I recently completed a photography course at a local college, where our instructor told us we could not get into any legal trouble photographing people in public places, and that we did not have to get their permission to take a picture. So far I have been verbally threatened (although not yet beaten up) by people who did not take kindly to the idea of having themselves immortalized on film. Is the law really on my side?
Illustration by Slug Signorino
I’m sure your heart’s in the right place, snugglebuns, but I’m not sure I can say the same for your mind. Taking pictures in public is indeed legal, but that’s not likely to impress some outraged citizen who’s determined to tapdance on your cranium. What you need is a plan involving subterfuge and deviltry, which Cecil shall shortly provide.
First, however, be assured that you don’t need to get the permission of your subjects before you take their pictures. If you make a real nuisance of yourself, after the manner of the late Jackie Onassis’s nemesis Ron Galella, you could conceivably be sued or charged with disturbing the peace, but that’s a separate issue. You can even publish your pictures, subject to certain restrictions.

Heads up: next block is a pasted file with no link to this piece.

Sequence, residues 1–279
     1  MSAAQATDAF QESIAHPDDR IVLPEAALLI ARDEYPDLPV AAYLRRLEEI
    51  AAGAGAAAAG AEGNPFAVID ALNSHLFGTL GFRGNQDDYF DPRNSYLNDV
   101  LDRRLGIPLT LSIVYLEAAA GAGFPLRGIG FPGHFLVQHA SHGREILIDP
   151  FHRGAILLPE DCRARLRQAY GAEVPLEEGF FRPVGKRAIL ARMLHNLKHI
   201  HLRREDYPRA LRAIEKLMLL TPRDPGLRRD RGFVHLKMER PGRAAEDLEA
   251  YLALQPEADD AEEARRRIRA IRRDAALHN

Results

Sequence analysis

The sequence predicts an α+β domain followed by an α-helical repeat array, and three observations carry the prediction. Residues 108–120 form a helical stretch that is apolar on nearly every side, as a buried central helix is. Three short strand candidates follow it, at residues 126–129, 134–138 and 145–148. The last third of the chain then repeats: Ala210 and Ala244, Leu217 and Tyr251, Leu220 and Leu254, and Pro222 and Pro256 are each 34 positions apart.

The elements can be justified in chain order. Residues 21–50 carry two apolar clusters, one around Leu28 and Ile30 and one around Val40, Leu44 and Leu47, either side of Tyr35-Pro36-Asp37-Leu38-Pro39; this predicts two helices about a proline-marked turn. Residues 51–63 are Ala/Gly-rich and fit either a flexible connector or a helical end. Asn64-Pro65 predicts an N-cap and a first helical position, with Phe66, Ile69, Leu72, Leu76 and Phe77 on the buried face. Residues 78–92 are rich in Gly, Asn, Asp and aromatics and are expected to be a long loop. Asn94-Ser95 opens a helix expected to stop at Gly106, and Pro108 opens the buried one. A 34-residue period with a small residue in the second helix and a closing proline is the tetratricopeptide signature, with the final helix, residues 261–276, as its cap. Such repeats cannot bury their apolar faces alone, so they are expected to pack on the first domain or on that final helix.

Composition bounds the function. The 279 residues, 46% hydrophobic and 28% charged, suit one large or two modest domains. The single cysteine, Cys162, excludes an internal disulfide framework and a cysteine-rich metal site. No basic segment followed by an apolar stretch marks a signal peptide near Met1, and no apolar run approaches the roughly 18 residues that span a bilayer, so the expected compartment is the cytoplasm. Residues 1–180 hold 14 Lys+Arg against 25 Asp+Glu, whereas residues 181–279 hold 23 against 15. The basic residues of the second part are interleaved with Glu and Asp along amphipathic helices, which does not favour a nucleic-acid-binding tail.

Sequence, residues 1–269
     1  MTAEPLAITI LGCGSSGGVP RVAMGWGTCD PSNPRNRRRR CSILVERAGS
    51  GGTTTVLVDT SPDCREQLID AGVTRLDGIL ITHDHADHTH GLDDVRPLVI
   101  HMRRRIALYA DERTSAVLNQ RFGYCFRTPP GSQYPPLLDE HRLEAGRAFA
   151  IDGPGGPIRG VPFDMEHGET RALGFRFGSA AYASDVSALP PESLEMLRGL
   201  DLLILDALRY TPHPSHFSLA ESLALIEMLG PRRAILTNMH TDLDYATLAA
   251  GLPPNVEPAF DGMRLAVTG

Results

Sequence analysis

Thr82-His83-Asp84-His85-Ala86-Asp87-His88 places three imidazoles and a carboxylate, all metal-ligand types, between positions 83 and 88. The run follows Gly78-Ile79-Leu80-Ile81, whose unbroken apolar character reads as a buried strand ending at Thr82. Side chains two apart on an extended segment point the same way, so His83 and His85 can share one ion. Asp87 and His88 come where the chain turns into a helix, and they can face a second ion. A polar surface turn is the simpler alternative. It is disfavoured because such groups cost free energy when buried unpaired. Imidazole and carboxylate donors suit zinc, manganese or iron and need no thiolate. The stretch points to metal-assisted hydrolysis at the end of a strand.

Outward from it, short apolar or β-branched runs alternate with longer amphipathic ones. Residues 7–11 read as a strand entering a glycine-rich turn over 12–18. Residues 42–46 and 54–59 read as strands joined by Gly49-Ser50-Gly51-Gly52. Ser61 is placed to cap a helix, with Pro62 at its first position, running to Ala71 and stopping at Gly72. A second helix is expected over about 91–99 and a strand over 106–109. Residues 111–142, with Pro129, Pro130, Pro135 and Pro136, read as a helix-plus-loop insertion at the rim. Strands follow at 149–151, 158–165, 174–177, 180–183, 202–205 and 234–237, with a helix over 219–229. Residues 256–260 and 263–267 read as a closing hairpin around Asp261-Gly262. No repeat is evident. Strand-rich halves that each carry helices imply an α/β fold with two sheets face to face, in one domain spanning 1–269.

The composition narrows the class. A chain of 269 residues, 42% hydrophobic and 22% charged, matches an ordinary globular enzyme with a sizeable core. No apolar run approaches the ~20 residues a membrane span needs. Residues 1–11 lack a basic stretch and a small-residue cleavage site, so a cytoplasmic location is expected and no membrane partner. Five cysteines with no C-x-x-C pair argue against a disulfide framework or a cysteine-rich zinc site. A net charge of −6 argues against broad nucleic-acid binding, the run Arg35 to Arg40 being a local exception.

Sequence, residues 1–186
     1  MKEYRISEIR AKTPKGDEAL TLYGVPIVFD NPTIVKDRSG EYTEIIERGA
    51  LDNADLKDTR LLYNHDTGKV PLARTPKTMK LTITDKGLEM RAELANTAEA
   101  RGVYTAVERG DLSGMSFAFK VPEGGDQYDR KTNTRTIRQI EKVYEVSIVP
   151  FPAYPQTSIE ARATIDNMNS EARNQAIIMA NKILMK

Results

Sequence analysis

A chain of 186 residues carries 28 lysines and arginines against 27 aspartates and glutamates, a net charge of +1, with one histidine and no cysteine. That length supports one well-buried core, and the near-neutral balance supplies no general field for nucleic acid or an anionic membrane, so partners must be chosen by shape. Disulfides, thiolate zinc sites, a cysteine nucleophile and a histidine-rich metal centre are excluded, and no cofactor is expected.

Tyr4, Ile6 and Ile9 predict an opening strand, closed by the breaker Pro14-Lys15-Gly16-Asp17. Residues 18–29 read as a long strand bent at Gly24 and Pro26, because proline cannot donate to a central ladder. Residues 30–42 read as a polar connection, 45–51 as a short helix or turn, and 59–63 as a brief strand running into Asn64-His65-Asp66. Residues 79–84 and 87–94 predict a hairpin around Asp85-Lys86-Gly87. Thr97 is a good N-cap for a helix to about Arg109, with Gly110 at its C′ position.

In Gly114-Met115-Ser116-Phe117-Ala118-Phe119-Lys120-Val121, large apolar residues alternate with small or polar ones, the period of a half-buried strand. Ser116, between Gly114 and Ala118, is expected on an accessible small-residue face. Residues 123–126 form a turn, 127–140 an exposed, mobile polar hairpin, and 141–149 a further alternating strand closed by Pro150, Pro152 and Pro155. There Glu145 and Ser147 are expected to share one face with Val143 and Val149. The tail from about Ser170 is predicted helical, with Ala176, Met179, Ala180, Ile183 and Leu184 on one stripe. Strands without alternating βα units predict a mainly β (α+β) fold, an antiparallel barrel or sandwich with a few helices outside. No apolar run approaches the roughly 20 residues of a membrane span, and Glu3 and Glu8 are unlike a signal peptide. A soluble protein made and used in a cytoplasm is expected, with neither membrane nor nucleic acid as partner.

As I say, though, what you’ve got is more a practical problem than a legal one. Your best bet is to get your mitts on an old Rolleiflex or other camera of similar design, where you sling the thing over your neck and look into the viewfinder from above (be forewarned–these cameras ain’t cheap).
This makes possible the following stratagem. Suppose you want to take a picture to the east of you. You face north. You point the lightshield on the viewfinder of your Rollei so it looks like you’re actually shooting north. Surreptitiously, however, you swivel the cubical camera body so the lens is facing east, and click away. (If you don’t follow this, have somebody at the camera store show you what I mean.)
Tricky, eh? Well, you know my heart is pure. But journalism is one business where it pays to be a good sneak.
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